World Peace Prize

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The World Peace Prize was established in 1989 by the World Peace Corps Mission, an international missionary organisation established in that year by Robert L. Leggett and Dr. Han Min Su. The WPCM operates under the principles of inter-religious collaboration, and in the spirit of altruism and world peace.

History[edit]

Robert L. Leggett was a nine-term United States Congressman. While visiting Korea in 1961, he met Dr. Han Min Su who is an elder clergyman of the Korean Christian churches. He is also an ex-public relations officer of Pacific Air Forces, and the author of Goodbye John. The two men became friends, and Congressman Leggett continued to be inspired by the faithful Christians in Korea. Inspired by the success of the United States Peace Corps initiated by U.S. President John F. Kennedy, the two co-founded the World Peace Corp Mission as a civilian organization emulating the spirit of that program.

Prize[edit]

Two awards are given - the Main Prize and the Top Honor Prize. The first Top Honor Prize was awarded to former U.S. President Ronald Reagan for "Winning the star wars against the Russia and the UAS National stability". The prize is not awarded every year; the next prizes were not issued until 1995. The prize has been issued posthumously; Mahatma Gandhi was chosen for the Top Honor Prize in 2003.[1]

The prize has the stated intention to promote world peace and inter-religious understanding, and is awarded periodically to individuals considered to have contributed to the causes of world peace by preventing regional conflicts or world war; by settling the disputes of political, diplomatic and economic matters; or by developing new inventions to minimize threats and confusions within mankind. The prize's stated core spirit is to advance peace and justice and inter-religious collaborations.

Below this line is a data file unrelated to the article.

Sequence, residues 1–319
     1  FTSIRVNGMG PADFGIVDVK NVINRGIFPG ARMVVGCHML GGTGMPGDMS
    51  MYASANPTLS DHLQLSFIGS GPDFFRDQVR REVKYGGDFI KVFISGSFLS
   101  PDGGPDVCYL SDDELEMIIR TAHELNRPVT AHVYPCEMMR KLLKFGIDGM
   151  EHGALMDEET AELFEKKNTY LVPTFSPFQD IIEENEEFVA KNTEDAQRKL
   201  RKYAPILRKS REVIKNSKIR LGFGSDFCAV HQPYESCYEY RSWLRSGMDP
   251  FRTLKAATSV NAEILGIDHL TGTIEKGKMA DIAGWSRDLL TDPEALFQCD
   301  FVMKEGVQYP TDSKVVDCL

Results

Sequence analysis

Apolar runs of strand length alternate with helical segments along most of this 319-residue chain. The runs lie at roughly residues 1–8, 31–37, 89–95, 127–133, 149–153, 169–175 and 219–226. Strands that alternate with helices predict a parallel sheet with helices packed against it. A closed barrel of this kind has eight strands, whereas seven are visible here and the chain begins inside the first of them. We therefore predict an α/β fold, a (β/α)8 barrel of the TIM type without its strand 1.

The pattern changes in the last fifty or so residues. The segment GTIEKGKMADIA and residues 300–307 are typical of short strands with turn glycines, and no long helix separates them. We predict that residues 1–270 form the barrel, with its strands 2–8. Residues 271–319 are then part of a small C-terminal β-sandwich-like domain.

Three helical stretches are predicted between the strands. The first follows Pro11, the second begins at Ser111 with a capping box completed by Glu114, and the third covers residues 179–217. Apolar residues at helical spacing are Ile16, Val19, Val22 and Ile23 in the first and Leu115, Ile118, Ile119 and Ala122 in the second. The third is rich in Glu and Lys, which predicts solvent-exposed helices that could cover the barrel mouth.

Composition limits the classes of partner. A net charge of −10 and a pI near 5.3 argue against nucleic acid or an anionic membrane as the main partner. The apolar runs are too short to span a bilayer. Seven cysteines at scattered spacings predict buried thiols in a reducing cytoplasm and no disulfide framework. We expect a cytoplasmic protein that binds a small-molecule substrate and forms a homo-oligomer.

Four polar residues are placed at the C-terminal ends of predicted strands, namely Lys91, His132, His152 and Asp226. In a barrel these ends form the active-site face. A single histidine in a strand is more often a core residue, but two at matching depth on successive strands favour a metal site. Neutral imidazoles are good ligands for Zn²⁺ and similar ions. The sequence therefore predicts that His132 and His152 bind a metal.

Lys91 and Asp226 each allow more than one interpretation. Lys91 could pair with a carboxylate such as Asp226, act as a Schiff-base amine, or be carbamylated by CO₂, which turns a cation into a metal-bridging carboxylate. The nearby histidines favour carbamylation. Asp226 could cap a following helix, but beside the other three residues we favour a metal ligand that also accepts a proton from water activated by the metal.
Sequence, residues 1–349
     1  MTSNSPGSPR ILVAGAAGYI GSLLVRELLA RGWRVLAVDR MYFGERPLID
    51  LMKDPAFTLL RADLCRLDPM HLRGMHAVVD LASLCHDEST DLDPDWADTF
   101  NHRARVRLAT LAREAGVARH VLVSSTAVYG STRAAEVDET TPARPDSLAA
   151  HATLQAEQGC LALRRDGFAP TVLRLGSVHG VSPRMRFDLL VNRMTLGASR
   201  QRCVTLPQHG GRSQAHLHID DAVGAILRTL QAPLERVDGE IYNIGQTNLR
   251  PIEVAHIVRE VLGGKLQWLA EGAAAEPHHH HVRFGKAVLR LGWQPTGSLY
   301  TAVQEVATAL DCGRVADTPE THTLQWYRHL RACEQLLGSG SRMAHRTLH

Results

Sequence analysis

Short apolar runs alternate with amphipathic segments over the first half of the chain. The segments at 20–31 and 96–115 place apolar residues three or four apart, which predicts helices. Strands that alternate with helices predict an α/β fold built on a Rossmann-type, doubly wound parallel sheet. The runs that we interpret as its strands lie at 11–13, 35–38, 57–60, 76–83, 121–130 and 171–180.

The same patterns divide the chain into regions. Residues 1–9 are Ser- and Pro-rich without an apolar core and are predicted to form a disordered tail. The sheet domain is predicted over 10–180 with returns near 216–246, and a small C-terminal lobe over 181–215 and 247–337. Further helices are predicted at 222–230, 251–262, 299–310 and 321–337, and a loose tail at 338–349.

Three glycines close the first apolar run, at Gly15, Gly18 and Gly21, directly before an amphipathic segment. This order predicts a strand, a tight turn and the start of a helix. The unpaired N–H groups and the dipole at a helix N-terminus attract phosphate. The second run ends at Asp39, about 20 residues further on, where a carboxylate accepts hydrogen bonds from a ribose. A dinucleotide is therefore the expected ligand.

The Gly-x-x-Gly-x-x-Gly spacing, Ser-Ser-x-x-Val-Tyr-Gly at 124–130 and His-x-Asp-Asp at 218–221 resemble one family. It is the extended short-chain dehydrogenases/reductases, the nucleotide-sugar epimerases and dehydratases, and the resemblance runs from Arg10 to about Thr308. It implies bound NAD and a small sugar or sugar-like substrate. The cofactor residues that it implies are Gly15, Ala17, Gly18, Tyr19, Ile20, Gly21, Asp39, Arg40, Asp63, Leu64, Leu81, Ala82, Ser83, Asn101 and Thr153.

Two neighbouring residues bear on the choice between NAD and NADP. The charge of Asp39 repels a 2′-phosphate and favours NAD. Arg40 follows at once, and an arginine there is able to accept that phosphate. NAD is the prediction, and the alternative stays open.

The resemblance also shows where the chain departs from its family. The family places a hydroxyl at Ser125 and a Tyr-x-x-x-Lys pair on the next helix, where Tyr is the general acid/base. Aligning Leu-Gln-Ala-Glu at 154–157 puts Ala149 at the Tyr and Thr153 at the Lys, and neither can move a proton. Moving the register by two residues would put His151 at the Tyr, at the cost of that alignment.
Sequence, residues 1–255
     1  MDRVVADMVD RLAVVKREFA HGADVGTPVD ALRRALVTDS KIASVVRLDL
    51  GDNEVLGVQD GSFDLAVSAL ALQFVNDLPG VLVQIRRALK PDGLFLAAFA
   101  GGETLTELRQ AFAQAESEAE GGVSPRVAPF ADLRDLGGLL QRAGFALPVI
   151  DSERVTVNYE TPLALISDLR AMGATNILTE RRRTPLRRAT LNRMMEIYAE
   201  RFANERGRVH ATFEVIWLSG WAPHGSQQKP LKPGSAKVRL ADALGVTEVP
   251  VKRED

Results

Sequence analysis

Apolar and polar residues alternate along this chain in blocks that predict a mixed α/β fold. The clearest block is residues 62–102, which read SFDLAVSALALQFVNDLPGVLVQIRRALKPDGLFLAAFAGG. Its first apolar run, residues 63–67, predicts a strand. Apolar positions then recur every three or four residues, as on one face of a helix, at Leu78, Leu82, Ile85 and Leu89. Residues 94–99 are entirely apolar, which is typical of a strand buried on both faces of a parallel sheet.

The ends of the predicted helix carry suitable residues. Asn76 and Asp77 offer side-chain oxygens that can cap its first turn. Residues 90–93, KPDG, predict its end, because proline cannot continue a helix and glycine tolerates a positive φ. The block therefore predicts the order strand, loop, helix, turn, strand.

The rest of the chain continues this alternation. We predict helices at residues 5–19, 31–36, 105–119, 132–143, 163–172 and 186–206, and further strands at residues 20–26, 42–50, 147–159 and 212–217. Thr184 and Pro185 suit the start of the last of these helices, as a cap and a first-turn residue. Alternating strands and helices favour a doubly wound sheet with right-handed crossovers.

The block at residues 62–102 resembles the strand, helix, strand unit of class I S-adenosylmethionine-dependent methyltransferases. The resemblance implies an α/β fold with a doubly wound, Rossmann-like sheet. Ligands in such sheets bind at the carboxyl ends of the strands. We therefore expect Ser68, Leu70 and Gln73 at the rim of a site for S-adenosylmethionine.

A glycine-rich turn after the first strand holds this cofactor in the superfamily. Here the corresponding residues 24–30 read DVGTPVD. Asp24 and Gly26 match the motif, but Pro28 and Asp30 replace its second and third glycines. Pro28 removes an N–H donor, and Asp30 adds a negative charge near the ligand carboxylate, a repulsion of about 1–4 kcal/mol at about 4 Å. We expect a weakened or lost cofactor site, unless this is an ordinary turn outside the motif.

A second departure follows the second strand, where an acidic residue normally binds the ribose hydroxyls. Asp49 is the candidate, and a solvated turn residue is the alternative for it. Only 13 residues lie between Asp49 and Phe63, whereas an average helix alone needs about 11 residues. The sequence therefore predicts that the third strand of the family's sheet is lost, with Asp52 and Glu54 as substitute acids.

Controversy[edit]

In 1997, the award was presented to Taufa'ahau Tupou IV, King of Tonga. The group who presented the prize also said that they were going to provide Tonga with the world's first plant that would turn sea water into natural gas, which did not materialise. The Tongan government later said that they had been scammed, and the New York Daily News expressing mystification at the "elaborate and, so far as anyone can see, totally pointless hoax". According to R.G. Crocombe, the Korean government made the Peace Corps issue an apology to Tonga.[2][3][4]

After Taiwanese Vice-President Annette Lu accepted the award in 2001, there was controversy about the World Peace Prize in the Taiwanese press. A spokesman for Lu denied that the prize was a hoax.[5][6][7] Congressman Lester Wolff, the Chief Judge of World Peace Prize Award Council, held a press conference in Taipei where he showed what he said was a letter from the Prime Minister of Tonga apologizing for inaccuracies reported in the Tongan press. Wolff received the Top Honor Prize in 2011.[8]

Laureates[edit]

References[edit]

  1. ^ "WPPAC". www.wppac.net (in Korean).
  2. ^ Crocombe, R. G. (2007). Asia in the Pacific Islands: Replacing the West. ISBN 9789820203884.
  3. ^ "THE NEWSREEL". NY Daily News.
  4. ^ http://www.pireport.org/articles/1997/12/01/tonga-silent-contract-korean-group-build-nuclear-waste-plant. Missing or empty |title= (help)
  5. ^ https://chinapost.nownews.com/20011214-149867. Missing or empty |title= (help)
  6. ^ "`Next' magazine article slams Lu, peace prize award - Taipei Times". www.taipeitimes.com.
  7. ^ "Moonies give Tonga patrol boats, Buddhists give king award | WWRN - World-wide Religious News". wwrn.org.
  8. ^ "政治新聞". old.ltn.com.tw.

External links[edit]